Mubadala and partner set for first iron ore shipment from Porte Sudeste in Brazil

Mubadala and Trafigura, its partner at Porte Sudeste, are set for their first iron ore shipment after acquiring a controlling stake in the Brazilian port last year.

An 80,000-tonne vessel loaded with iron ore heading to China will mark the first export for the terminal in Rio de Janeiro.

“Porto Sudeste is a strategically important addition to Brazil’s infrastructure, and will, over the long term, provide additional capacity, improved access to export markets for iron ore producers and unlock Brazil’s production overall,” said a Mubadala spokesman. “Together with Trafigura, we are pleased to see the emergence of this growing supply chain that will use Porto Sudeste as a key outlet to world markets.”

The port has the capacity to receive, handle and load more than 25 million tonnes of iron ore a year, which will rise to a nominal capacity of 50 million tonnes by the end of the year.

In addition, Amsterdam-based Trafigura yesterday announced plans to buy two additional iron-ore assets from the former tycoon Eike Batista, although no official figures were released.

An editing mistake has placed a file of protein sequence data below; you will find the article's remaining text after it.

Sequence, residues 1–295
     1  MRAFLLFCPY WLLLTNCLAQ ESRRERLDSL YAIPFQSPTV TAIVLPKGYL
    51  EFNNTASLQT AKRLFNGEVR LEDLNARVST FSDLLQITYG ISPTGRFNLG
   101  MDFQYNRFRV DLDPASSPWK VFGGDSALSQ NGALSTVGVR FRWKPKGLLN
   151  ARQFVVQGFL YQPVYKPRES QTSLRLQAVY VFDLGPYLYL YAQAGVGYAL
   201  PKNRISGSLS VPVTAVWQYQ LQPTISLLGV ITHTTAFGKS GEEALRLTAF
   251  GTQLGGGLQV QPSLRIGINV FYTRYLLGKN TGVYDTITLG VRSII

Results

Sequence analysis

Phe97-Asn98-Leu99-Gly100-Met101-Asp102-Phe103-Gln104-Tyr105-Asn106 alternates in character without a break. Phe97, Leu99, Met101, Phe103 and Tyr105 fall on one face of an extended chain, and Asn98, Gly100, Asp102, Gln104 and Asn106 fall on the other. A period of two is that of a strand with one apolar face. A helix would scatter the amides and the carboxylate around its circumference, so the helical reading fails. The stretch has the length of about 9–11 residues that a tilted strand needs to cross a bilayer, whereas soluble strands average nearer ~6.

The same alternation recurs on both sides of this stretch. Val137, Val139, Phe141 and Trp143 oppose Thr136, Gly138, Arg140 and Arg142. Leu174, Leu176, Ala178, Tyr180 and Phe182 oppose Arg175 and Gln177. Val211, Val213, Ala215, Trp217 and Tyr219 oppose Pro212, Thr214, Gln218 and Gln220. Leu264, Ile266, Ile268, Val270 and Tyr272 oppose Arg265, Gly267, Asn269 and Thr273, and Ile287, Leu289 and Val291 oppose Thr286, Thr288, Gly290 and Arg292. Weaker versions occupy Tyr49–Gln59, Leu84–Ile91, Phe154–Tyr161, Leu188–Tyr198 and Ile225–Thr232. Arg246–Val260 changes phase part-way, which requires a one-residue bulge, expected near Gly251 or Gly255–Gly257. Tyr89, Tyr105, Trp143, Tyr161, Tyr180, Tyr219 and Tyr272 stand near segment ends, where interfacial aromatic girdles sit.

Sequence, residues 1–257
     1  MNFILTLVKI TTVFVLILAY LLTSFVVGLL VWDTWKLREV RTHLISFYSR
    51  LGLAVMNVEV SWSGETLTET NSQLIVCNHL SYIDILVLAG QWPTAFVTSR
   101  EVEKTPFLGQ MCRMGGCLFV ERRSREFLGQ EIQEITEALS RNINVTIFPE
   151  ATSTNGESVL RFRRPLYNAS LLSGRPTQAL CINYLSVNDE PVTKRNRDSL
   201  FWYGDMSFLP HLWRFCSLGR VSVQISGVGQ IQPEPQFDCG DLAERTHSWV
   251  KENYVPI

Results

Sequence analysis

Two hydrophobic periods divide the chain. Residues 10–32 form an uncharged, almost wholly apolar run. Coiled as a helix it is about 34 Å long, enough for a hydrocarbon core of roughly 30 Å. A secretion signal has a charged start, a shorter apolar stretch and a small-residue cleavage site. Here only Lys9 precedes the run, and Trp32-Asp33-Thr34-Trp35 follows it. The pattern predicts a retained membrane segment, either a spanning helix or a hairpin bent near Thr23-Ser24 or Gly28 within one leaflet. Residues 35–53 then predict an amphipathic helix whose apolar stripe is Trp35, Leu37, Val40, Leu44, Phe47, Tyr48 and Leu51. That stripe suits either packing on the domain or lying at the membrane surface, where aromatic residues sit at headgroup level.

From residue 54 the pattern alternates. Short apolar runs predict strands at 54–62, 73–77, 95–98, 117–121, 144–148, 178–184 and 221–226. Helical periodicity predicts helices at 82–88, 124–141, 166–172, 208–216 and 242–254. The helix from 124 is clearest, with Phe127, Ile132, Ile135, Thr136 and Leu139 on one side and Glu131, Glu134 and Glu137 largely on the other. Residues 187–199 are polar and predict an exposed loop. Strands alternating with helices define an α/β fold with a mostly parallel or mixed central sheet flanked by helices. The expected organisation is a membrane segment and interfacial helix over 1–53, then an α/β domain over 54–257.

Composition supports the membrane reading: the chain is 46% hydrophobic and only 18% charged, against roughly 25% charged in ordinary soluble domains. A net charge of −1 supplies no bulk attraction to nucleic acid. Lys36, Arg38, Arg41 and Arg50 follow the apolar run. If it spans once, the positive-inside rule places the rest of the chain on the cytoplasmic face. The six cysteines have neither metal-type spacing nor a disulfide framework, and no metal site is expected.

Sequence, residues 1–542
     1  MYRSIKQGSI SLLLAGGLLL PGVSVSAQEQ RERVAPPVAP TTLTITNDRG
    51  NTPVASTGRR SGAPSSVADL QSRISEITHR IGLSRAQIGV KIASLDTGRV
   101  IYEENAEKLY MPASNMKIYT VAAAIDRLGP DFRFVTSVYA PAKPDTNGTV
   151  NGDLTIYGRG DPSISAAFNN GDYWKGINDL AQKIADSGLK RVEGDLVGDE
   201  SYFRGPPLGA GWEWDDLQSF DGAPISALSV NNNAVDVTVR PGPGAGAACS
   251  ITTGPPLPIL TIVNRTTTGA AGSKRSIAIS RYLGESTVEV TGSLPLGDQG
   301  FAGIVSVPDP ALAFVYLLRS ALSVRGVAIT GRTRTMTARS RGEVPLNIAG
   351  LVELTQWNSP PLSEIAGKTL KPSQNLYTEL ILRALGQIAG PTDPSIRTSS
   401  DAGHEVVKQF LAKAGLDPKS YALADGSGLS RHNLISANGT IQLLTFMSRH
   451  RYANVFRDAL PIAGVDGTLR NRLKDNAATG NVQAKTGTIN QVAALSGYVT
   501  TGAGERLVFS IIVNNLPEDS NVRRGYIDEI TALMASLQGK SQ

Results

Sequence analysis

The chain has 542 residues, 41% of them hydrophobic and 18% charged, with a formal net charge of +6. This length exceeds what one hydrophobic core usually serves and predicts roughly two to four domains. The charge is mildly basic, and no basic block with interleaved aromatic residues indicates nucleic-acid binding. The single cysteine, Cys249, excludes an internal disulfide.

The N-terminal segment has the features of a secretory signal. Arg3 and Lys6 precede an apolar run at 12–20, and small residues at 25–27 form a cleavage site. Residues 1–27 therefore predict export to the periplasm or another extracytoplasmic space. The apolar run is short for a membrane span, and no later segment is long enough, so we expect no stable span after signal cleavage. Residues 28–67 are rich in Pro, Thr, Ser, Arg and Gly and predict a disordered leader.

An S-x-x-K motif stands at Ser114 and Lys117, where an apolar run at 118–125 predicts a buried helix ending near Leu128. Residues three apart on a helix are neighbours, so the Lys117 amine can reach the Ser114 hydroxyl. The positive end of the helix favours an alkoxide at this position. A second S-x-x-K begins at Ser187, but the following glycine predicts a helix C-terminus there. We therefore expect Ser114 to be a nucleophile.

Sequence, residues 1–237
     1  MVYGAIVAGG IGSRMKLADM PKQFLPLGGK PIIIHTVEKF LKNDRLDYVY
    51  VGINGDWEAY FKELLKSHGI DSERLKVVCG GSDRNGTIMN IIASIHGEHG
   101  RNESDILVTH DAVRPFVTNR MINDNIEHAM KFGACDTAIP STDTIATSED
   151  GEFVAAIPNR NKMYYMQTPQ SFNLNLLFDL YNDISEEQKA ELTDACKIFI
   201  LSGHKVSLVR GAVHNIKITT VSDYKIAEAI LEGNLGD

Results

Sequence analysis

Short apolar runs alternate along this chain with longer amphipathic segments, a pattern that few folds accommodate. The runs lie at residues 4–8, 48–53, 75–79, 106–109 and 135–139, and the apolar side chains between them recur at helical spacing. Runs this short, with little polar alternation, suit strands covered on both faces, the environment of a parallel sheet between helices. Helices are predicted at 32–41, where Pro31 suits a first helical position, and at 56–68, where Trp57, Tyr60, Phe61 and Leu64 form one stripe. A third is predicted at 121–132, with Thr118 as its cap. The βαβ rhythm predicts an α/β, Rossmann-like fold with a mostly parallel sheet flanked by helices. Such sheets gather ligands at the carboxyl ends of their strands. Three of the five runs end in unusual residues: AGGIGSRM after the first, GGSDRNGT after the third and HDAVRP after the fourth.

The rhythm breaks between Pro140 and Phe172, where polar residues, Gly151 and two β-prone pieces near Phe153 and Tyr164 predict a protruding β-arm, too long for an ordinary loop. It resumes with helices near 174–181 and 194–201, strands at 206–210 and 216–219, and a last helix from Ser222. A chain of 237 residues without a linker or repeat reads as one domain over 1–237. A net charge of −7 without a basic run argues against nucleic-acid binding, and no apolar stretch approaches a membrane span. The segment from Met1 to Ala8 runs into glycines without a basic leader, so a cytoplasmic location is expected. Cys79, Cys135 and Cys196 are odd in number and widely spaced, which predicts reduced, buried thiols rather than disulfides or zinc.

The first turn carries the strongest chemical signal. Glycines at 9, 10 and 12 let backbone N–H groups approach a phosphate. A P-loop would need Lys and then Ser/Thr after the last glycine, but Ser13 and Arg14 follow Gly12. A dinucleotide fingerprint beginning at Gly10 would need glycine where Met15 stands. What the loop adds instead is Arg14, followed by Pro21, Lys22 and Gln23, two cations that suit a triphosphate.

Trafigura said the creditors of MMX Sudeste, an iron ore miner, accepted its offer as part of the “MMX Sudeste judicial recovery plan”.

“Trafigura and its subsidiaries operate in the ferrous mining sector and these assets represent an opportunity to expand its businesses, as well as complement the joint investment with Mubadala at the Sudeste port,” Trafigura said.

Trafigura and Mubadala joined forces to acquire a controlling stake in the port from Mr Batista’s MMX Mineraçao e Metalicos in a US$955 million deal finalised in February last year.

Yet the iron ore market, much like other commodities, has undergone a volatile 12 months of trading. Iron ore recently sank to a decade low because of record output from majors such as Rio Tinto and BHP Billiton.

“A broad basket of commodities has fallen to the lowest level in 16 years,” said Ole Hansen, the head of commodity strategy at Denmark’s Saxo Bank.

“The main trigger for this weakness has not been slowing demand, but more because of increased supply at a time where demand growth has failed to keep up.”

The iron ore industry is also being hit by the economic slowdown in China, as the country, which buys nearly two-thirds of all iron ore traded internationally, ordered steelmakers and other heavy industries to shut down. This has resulted in the country’s demand for iron ore staying broadly flat at about 539 million tonnes for the first seven months, compared with the same period last year. Iron ore prices dropped last Monday to $53.28 a tonne, but rallied on Friday to $56.04 a tonne. Iron ore prices a year ago were at about $88 a tonne.

Because of rising production amid weaker demand, “new lower levels are being sought in order for the market to find a proper balance between supply and demand”, said Mr Hansen.

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